James Hollis, 81, who was struck in the head, was in critical condition Saturday afternoon at the Hospital of the University of Pennsylvania, according to police.
Ronald Washington, 69, who was in his motorized wheelchair when he was wounded in the arm and back, was in stable condition.
The shootings occurred near the Sarah Allen Apartments, a Parrish Street housing complex for senior citizens where Washington lives.
A resident of the apartments, who was afraid to give his name, said he had just finished his nightly prayers when he heard the "wow, wow, wow" of an automatic weapon.
"I just got off my knees," he said. "I rolled off the bed and onto the floor."
The man, who said he did not know Washington, said he heard gunfire every couple of weeks there. Even living on the top floor of his building, he does not feel safe, he said.
"You pray and hope that you make it through," he said. The shooters "don't respect nothing or nobody."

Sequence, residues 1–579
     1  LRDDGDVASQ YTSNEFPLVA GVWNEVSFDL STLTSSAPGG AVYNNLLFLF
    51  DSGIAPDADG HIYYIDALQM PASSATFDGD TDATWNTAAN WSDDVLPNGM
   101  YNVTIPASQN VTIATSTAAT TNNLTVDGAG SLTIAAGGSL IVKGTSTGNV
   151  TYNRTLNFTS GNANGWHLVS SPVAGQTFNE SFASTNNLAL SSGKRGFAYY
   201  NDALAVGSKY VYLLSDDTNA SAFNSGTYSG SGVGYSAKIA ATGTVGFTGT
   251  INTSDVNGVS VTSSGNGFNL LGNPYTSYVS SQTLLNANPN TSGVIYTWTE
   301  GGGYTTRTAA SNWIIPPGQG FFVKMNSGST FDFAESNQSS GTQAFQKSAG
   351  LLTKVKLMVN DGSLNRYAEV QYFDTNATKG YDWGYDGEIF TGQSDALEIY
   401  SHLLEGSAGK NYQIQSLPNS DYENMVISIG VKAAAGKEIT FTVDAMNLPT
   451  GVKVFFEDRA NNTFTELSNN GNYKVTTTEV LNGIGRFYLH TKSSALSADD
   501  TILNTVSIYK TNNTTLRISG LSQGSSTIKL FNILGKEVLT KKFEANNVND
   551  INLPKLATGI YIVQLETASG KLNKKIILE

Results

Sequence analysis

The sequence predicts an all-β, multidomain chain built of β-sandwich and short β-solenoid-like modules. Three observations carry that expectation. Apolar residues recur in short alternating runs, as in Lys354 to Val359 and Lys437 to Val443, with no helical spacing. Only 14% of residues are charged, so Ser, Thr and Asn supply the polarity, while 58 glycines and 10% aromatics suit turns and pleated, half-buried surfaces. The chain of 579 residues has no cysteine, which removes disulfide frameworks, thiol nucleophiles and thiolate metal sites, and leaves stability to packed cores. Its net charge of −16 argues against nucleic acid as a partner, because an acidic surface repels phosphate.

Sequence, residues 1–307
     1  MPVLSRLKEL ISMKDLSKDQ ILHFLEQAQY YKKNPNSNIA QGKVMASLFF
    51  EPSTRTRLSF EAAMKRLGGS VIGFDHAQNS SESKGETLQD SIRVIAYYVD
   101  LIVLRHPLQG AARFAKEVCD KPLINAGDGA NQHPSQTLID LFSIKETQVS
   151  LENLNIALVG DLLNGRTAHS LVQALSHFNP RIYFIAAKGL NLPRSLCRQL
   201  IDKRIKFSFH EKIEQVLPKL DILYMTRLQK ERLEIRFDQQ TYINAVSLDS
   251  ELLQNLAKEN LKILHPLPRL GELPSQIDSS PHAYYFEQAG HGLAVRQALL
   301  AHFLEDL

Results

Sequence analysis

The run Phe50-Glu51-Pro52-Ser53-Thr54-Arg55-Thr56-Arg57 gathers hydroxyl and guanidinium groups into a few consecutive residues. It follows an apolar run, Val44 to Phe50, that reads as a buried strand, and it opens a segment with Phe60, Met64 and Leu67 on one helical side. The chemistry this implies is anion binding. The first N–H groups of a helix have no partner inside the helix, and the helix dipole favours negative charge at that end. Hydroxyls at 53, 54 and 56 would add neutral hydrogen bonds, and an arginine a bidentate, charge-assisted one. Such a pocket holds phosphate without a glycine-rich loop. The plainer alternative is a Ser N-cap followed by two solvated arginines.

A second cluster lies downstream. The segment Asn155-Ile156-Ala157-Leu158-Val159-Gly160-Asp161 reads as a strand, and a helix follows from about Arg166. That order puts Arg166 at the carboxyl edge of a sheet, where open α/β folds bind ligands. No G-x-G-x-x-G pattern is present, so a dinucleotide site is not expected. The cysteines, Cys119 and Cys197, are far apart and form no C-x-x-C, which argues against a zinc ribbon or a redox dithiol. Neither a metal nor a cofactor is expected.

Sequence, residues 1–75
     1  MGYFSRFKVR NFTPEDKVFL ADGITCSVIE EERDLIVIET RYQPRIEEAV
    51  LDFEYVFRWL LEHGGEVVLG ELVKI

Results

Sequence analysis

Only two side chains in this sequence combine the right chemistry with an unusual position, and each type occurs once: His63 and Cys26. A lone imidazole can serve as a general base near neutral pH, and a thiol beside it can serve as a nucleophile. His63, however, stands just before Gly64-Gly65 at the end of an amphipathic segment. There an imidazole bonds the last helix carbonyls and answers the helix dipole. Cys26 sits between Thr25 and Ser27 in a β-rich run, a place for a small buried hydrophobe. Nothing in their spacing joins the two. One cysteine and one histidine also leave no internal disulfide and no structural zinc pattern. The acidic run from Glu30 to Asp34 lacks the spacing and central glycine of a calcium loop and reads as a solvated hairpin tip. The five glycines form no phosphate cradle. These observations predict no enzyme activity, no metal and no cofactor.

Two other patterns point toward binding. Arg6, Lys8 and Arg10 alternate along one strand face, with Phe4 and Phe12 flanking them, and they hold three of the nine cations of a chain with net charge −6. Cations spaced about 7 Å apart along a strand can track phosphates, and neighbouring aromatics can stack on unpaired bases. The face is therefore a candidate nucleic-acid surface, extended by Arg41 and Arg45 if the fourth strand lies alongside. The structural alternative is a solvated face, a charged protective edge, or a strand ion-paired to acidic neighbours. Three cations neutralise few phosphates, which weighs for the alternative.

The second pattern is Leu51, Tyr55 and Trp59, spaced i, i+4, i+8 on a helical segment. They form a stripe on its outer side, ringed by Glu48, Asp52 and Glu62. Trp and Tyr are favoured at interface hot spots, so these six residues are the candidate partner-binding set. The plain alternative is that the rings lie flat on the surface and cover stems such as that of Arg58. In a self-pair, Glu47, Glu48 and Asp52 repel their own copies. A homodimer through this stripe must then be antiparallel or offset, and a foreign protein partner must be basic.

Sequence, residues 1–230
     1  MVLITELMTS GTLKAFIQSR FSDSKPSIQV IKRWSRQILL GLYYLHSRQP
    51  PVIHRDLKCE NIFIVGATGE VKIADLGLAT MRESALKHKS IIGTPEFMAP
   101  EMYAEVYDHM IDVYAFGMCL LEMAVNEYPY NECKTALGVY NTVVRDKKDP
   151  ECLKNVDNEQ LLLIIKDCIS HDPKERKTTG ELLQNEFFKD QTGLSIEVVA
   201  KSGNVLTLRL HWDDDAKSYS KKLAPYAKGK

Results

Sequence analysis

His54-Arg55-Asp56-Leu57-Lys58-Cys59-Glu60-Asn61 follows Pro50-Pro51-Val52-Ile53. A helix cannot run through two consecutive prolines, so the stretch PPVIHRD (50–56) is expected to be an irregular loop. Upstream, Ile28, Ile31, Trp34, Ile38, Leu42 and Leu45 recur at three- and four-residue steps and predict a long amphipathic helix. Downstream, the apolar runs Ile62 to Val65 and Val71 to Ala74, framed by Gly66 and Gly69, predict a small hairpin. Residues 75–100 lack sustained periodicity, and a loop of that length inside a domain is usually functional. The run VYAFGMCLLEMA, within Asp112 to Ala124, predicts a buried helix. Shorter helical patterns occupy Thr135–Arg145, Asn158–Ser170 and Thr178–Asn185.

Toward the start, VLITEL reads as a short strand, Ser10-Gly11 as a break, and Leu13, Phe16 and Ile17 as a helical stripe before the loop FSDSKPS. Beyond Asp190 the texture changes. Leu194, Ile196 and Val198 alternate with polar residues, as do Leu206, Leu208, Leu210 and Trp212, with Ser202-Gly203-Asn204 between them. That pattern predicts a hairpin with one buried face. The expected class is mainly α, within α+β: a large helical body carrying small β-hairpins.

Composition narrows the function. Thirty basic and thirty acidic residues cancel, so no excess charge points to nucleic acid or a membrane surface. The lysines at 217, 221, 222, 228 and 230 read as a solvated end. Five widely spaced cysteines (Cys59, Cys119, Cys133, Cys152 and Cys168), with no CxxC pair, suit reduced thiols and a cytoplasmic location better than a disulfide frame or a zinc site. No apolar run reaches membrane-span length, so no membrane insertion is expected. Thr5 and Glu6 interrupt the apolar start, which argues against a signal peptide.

Hollis had just walked a friend to the bus stop on Lancaster Avenue several blocks away and was headed home to Ogden Street when he was wounded, a neighbor said.
A cane and a bloodstain were visible Friday night where Hollis was shot. But by Saturday, the only sign of what happened was a small piece of yellow police tape tied to a stop sign.
Theresa King, 59, was at a family party Friday when she learned of the shooting. She has known Hollis since she was 17, said King, who called him a fixture on the close-knit block.
"He is a beautiful person," she said. King said she had talked with Hollis' family and planned to visit him Sunday.
Hollis is known in the neighborhood as "Mr. Shoebie," said King, who wasn't sure where the nickname came from. Originally from the South, Hollis and his wife, Rose, raised their two children on the block, she said. He worked in construction all his life. His wife died about a year ago, she recalled.
Neighbors on the block look out for one another, according to King. Young men will stop and give Hollis a ride or help with his packages, she said.
King said she was disturbed by news that the homicide rate in Philadelphia had increased in 2011.
"This isn't Iraq. You shouldn't have to walk down the street and duck," King said. "We don't live in a war zone. We live in the United States of America."
Contact staff writer Mari A. Schaefer at 610-892-9149, email@example.com, or @MariSchaefer on Twitter.
Staff writer Jeremy Roebuck contributed to this article.